The sadistic elder Bey raped women and children at will in his compound while his fearful minions looked the other way. Murder, government fraud and a host of other illicit activities were also overseen by Bey and later, his son.
"Killing the Messenger" starts with the cold-blooded murder of Chauncey Bailey, a reporter for a black newspaper in Oakland who was writing an expose on the Bey cult. After laying the historical groundwork, the book then barrels back toward its starting point.
As the title suggests, Peele takes pains to illustrate how racial oppression gave rise to the radical pseudo-religion. Later in the book, he uncovers the shoddy inner workings of Oakland City Hall and its undermanned police force.
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Most Recent Customer Reviews
5.0 out of 5 stars An in depth look into the inner workings of today's Muslim religion
A great book that was difficult to put down. A real eye opener as to the extensive corruption that takes place within the Muslim mosques when one man uses his position to control... Read more
Published 3 months ago by James Poynor
4.0 out of 5 stars Great discussion of Oakland politics and religion as dynasty
This book is a discussion of the murder of a journalist who touched the third rail of Oakland, CA politics, by investigating Black Muslims. Read more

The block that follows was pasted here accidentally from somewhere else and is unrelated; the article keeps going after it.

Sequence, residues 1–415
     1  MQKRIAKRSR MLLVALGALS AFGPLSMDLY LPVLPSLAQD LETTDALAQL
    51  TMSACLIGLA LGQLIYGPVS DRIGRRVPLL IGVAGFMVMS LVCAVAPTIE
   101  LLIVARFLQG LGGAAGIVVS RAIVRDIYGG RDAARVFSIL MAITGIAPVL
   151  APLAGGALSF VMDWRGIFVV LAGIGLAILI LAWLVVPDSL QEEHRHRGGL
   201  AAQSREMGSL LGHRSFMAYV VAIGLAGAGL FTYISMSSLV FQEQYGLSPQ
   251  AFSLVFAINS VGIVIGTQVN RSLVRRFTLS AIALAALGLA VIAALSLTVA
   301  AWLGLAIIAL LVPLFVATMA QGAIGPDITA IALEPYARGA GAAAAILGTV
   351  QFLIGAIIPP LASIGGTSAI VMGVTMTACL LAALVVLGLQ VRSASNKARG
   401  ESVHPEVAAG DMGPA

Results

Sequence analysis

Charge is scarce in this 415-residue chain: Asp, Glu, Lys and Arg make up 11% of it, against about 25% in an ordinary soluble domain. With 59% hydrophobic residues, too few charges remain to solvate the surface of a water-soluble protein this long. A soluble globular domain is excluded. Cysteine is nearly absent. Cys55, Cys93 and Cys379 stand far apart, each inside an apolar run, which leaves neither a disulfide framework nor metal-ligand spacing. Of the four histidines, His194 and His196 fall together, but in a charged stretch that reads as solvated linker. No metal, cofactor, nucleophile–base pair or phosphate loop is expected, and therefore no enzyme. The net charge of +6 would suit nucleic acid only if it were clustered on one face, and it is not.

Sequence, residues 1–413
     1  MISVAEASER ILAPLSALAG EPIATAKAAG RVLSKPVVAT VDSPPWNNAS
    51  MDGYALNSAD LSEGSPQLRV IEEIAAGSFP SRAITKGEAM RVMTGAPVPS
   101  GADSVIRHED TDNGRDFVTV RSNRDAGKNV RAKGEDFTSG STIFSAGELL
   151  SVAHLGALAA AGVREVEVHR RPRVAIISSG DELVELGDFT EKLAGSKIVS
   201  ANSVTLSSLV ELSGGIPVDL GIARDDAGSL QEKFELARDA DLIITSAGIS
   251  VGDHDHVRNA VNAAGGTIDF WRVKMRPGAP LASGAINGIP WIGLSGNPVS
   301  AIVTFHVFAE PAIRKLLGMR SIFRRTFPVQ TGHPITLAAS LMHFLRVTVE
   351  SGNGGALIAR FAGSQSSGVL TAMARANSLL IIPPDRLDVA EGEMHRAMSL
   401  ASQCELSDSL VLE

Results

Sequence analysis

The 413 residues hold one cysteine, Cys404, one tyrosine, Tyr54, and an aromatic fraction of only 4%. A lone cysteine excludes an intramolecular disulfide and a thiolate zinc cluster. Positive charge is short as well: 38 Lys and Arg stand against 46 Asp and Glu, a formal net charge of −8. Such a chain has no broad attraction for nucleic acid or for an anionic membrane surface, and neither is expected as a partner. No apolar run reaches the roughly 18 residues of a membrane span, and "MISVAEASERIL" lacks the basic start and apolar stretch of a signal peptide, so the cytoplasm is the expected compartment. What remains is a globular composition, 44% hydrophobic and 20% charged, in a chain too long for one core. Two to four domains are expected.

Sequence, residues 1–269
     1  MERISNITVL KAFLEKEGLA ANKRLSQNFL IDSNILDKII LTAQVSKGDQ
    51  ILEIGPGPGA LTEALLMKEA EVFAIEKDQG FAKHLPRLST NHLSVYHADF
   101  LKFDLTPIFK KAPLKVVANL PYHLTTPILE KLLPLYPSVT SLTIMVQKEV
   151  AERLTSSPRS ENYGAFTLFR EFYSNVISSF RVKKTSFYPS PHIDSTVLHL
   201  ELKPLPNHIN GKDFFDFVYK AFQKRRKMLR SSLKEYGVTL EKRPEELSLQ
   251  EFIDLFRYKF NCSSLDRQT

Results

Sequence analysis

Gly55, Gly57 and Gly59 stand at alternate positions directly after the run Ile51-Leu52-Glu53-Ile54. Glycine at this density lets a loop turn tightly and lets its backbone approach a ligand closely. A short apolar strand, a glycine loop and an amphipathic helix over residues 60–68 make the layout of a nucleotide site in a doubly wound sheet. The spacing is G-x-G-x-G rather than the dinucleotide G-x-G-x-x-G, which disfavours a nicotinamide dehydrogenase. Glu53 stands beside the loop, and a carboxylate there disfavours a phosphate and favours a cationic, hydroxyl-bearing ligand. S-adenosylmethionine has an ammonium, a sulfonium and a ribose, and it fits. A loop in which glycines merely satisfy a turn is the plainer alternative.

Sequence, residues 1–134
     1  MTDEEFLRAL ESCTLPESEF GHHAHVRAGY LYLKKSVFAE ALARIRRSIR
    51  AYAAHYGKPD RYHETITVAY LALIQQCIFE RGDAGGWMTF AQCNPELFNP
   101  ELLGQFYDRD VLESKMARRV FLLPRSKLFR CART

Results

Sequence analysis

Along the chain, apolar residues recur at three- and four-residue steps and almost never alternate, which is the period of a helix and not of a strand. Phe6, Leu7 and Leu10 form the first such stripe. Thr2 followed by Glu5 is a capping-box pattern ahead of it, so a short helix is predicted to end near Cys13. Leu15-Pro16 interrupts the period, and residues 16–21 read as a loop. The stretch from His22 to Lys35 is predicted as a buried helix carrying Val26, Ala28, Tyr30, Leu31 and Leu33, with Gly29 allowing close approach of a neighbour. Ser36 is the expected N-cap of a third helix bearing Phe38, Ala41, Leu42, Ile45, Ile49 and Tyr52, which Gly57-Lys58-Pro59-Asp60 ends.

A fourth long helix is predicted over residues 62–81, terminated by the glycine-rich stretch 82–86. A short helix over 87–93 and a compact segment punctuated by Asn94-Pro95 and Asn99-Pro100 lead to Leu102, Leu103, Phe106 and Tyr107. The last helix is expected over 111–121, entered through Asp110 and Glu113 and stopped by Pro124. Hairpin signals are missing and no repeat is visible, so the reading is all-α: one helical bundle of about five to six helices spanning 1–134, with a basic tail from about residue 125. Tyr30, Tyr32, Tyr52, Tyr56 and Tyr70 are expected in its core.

Published 14 months ago by bette
2.0 out of 5 stars Boring read
Author sounded like he was writing to highlight his exploits rather than for the interested reader. A subject of interest but poorly written.
Published 14 months ago by R. Sheppard
5.0 out of 5 stars Rest in Peace, Brother Chauncey
Chauncey Bailey, editor-in-chief of the Oakland Post, was shot dead on the morning of August 2, 2007. Read more
Published 17 months ago by Troy Johnson
5.0 out of 5 stars Must Read
Very informative. Should be required reading in high school.
The story takes you from the civil war up till today. Read more
Published 17 months ago by buyer
5.0 out of 5 stars Essential reading for Bay Area citizens
Killing the Messenger: A Story of Radical Faith, Racism's Backlash, and the Assassination of a Journalist

Thomas Peele has investigated the background of the murder of a... Read more
Published 23 months ago by Adele Fasick
5.0 out of 5 stars The evil among us
Monsters are not always those whose heads spin around or have scary faces. Evil can draw others into their web of horrors and those who should be able to stop it are duped as... Read more
Published on August 12, 2012 by wjb
5.0 out of 5 stars An amazing book...
Thomas Peele has written an extraordinary book that will appeal to a cross-section of audiences....media buffs, historians. Or anyone who cares about people. Read more
Published on June 30, 2012 by The Golf God
5.0 out of 5 stars Compelling True Crime
An amazing book that weaves the past and present, puts a modern crime in context of how past events lead to it. I live in Oakland, which perhaps made it an even better story. Read more
Published on June 5, 2012 by Grace S.
5.0 out of 5 stars Didn't want to put it down
Gripping to read and exhaustively researched, this is an important book. Peele is a dogged investigative reporter and he goes all out to shine a blinding light of scrutiny on both... Read more
Published on June 3, 2012 by Will E.